The Vigilante News Anchor Who Changed Indian TV
The Vigilante News Anchor Who Changed Indian TV

In a time of deteriorating press freedom, audiences and the BJP have found a champion in Arnab Goswami, who promises to deliver the justice that the media has failed to bring.

(Illustration: Rohama Malik)

(Illustration: Rohama Malik)

There aren’t a lot of channels that get the chance to cover the arrest of their own news anchor. But Republic TV is no ordinary news channel, and Arnab Goswami no ordinary host. On November 4, India’s 762 million television viewers had access to clips of Mumbai police dragging Goswami off to prison, his iconic rectangular glasses now framed behind the lattice of a police van’s window, his face — usually calm, animated, or irate — displaying something like fear. The charges — abetting the suicide of an interior decorator five years ago — were trumped-up and politically motivated, but no more so than the many allegations he’d made on live television over the years. But unlike actor Rhea Chakraborty — who he’d successfully jockeyed into prison on similar charges after the death of her boyfriend — this journalist and vigilante had some very powerful friends.

"Blatant misuse of state power against Republic TV & Arnab Goswami is an attack on individual freedom and the 4th pillar of democracy,” tweeted Amit Shah, a close advisor to India Prime Minister Narendra Modi, and one of the most powerful people in the ruling party, the Bharatiya Janata Party (BJP). “This attack on the free press must be and WILL BE OPPOSED.”



The irony of the BJP borrowing the language of Western human rights advocates was not lost on liberals and leftists, who laughed as right-wing leaders tweeted about “fascism” and “freedom of the press.” They didn’t laugh long, however: India’s Supreme Court, despite having tens of thousands of backlogged cases, overruled the state government. Goswami was free in just 14 days. Maharashtra’s ruling party, the Shiv Sena, had failed to stop the man who’d been making life hell for local police, demanding investigations for non-existent crimes and maligning the local government when those “crimes” went unsolved. Goswami’s arrest and release from prison was as much a statement of the power of the central government as it was about the power of Goswami. He left jail as dramatically as he’d entered it, arms raised in triumph like a football star who’d just won a match.

THE TRUTH HAS WON, declared Republic TV, the words flashing red and white on their show.

(Republic TV)

(Republic TV)

In a time of declining press freedom and increasing hatred of the media, what kind of journalist gets a get-out-of-jail-free card from the most powerful people in the land? Goswami rose to power on the stepping stones of victims he had transformed into powerful bogeymen, be it Muslims or members of the leftist press. Even the kings and queens of Bollywood are terrified of Goswami, and although he portrays himself as an underdog, he is more of a bloodhound, doggedly pursuing people in the name of justice, though justice is not the result.

“Their problem is with our kind of journalism,” said Goswami, speaking to his employees the day after his release. “And I want to tell them, I, we, all of us, we don’t owe an explanation to these politicians to define what our journalism will be!”

He led the newsroom in a chant: “The game has just begun.”

Whether or not you’ve heard his name, you’ve probably heard his news. Since he founded Republic TV in 2017, Goswami’s rants and allegations have been scattered across social media, trickling into Wikipedia pages and the international press. His audience goes far beyond the rigged television ratings, the 2 million Twitter followers, the 4 million YouTube subscribers--Republic has the power to not just make, but to change the news. He helped turn the suicide of a Bollywood actor into a five-month witch hunt that consumed the nation; on another occasion, his 20017 coverage helped drive billionaire Vijay Mallya to his exile in the U.K. He helped convince millions that Muslim religious gatherings spread more COVID-19 than the lockdown’s mass migrations, and that Congress minister Shashi Tharoor killed his wife. Fans say Goswami revolutionized Indian journalism. Critics say he killed it.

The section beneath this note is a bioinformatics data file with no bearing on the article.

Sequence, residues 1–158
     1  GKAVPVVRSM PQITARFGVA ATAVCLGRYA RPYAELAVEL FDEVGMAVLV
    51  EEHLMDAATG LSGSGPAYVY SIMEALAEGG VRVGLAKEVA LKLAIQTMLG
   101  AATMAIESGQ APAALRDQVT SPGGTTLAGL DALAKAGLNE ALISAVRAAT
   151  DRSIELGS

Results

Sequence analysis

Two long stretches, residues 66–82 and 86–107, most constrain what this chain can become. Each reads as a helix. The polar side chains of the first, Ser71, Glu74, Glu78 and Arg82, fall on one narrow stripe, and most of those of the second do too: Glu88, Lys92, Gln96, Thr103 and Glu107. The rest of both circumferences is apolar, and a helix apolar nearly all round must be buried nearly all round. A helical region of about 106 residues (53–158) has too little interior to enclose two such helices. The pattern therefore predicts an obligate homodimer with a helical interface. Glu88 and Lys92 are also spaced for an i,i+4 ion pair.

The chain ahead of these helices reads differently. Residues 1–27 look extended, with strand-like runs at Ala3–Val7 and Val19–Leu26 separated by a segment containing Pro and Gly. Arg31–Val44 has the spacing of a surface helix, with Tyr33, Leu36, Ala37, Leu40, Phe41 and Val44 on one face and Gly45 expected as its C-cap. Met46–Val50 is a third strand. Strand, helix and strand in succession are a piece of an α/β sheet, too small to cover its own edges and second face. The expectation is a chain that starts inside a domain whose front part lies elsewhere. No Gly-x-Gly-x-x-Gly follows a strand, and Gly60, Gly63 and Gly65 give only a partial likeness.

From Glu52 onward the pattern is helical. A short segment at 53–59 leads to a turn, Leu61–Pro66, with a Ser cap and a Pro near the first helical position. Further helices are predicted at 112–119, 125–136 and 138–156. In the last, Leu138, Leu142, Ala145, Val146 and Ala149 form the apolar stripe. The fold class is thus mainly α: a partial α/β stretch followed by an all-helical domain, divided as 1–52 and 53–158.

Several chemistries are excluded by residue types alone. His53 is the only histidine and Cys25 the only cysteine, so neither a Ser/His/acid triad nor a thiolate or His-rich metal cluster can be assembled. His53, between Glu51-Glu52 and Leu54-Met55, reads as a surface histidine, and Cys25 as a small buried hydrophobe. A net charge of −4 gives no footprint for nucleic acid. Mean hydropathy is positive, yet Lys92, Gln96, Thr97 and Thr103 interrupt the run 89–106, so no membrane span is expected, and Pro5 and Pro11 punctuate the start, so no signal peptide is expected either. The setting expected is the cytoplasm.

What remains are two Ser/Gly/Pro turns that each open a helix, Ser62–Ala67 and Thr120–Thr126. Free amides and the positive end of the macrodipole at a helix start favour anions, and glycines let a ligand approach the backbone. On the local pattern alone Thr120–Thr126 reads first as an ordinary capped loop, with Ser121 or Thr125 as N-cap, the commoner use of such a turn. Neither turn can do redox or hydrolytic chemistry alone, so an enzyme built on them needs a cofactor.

“He’s always supported the truth,” one Indian American auntie told me. “That’s why I like him. He’s not scared of anyone.”

Born in Assam in 1973, Goswami studied Social Anthropology at Oxford before returning to India in 1993, where he would eventually popularize the Fox News style of entertaining, aggressive, and right-wing populist TV news. He is considered one of the major reasons Indian TV news is often a 12-person screamathon, full of seizure-inducing graphics, loud soliloquies, and “chase scenes” where journalists shove the mic in peoples’ faces.

“He changed the definition of journalism altogether in the last 10 to 15 years,” said Shantashree Sarkar, a former on-the-scene reporter for Republic TV. “Before we started out at Republic, we all had that impression that Arnab Goswami was someone who could stand up for the truth, that he would not cower down when it comes to political pressure. It turned out to be something different.”

For years, TV news, unlike print, was overly deferential to politicians; Goswami made a name for himself as someone who wasn’t a political brown-noser, despite his blatant links to the BJP. “It felt fucking great to have him on your side,” said one person in media, Seema Acharya*, referring to a well-known monologue where Goswami had lampooned a hypocritical BJP spokesperson. In 2014, his gentle evisceration of the Congress Party’s heir-to-the-throne Rahul Gandhi — a man former U.S. President Barack Obama recently described as having “a nervous, unformed quality about him” — is deeply satisfying to anyone frustrated by Gandhi’s flip-flopping ineptitude. And in a country where justice is neither just nor swift, Goswami served public humiliation to criminals who would never see a day in jail.